Key Findings

Many researchers and hydrologists have fixed ideas about the impact of changes in land use and management. This project has therefore aimed to rely on the data to inform on impacts rather than making assumptions.

The following conclusions were drawn from the data:

  • The hydrological response of the Hodder catchment is simple and flashy (i.e. simple in that it can be modelled accurately using a simple model).
  • Peak discharge depends strongly on rainfall and drained area.
  • There is strong inherent scaling with area – using a scale equation that depends solely on the total land area drained to the various flow gauges, it was found that if the peak discharge for a storm event is known at one gauge then good estimates can immediately be made for the peak discharges at all the other gauges
  • There are complex time-varying spatial patterns associated with the impact that changes in land use/management have on the flood response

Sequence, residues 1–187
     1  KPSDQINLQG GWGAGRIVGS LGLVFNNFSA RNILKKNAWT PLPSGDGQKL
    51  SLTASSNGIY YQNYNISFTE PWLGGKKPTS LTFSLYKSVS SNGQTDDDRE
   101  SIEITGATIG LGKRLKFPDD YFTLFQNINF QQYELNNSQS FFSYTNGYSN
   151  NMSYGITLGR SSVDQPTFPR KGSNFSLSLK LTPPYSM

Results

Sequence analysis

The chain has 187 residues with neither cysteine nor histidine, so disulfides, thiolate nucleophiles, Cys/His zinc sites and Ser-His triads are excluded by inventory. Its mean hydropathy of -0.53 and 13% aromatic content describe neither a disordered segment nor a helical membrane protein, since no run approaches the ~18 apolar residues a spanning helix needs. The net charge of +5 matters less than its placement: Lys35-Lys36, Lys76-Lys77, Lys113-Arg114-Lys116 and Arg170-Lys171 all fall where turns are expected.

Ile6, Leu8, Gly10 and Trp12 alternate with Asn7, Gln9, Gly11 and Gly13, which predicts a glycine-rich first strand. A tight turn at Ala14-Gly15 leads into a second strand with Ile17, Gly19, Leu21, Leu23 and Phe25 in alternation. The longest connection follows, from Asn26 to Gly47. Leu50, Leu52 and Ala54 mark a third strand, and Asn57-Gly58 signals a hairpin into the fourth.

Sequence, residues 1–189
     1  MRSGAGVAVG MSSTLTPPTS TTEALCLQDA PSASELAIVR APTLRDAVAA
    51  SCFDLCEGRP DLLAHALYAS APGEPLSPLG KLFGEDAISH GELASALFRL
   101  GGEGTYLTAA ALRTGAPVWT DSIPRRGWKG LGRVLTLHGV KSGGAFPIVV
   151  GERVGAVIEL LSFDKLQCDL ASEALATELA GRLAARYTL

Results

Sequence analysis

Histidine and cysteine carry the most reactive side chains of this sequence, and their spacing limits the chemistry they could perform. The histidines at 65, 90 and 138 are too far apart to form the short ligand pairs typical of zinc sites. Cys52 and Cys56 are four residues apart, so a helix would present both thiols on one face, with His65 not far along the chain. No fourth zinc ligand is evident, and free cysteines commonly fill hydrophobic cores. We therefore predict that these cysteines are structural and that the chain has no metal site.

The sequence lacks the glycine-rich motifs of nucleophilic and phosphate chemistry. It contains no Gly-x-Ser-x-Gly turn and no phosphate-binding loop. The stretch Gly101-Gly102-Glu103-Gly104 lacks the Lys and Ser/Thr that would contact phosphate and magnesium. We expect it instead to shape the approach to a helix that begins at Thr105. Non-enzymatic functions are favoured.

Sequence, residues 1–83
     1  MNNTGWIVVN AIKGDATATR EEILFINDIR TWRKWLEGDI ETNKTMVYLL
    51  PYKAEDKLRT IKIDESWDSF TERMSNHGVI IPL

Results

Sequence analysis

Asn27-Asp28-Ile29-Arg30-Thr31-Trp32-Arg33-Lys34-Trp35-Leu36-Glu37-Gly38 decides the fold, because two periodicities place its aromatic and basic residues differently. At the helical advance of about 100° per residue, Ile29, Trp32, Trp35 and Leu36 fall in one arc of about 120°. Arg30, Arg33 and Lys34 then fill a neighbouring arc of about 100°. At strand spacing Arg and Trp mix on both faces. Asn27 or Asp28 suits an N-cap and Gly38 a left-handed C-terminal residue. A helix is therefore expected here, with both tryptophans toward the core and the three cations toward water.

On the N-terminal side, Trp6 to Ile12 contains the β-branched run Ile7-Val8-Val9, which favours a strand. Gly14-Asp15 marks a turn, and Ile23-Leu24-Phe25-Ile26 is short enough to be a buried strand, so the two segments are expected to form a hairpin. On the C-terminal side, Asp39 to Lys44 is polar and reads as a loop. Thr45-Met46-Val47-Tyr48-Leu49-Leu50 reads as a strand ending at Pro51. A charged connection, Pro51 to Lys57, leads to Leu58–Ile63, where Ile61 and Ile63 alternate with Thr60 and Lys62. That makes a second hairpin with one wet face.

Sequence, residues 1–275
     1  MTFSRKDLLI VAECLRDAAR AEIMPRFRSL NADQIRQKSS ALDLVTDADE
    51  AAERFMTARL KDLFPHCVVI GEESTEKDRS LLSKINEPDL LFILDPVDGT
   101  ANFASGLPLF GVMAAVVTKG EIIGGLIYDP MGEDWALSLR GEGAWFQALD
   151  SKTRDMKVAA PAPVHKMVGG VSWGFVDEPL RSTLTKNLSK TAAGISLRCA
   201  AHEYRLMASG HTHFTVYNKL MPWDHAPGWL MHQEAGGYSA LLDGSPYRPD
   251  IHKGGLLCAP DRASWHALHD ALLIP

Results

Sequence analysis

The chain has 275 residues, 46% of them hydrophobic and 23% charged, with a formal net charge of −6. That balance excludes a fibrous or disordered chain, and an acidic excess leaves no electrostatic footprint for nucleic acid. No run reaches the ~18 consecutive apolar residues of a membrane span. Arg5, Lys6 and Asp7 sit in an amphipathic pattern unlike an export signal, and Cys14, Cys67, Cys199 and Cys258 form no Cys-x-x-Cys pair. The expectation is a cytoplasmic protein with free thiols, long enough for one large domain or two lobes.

• The Hodder flood response appears to show a strong, simple sensitivity to variability in the weather but weak, complex sensitivity to changes in land use/management.

There were a number of data limitations, however. For instance as the monitoring period was short, it proved difficult to identify any significant changes in the hydrological regime of the catchment pre and post-ScaMP. This would have required a much longer monitoring period.

It is expected that further work to investigate impact of the SCaMP works on flood hazard will use the data captured in the Electronic Project Record in combination with new models and methods.

Document last modified: Fri Feb 20 2015 11:12:34 GMT Standard Time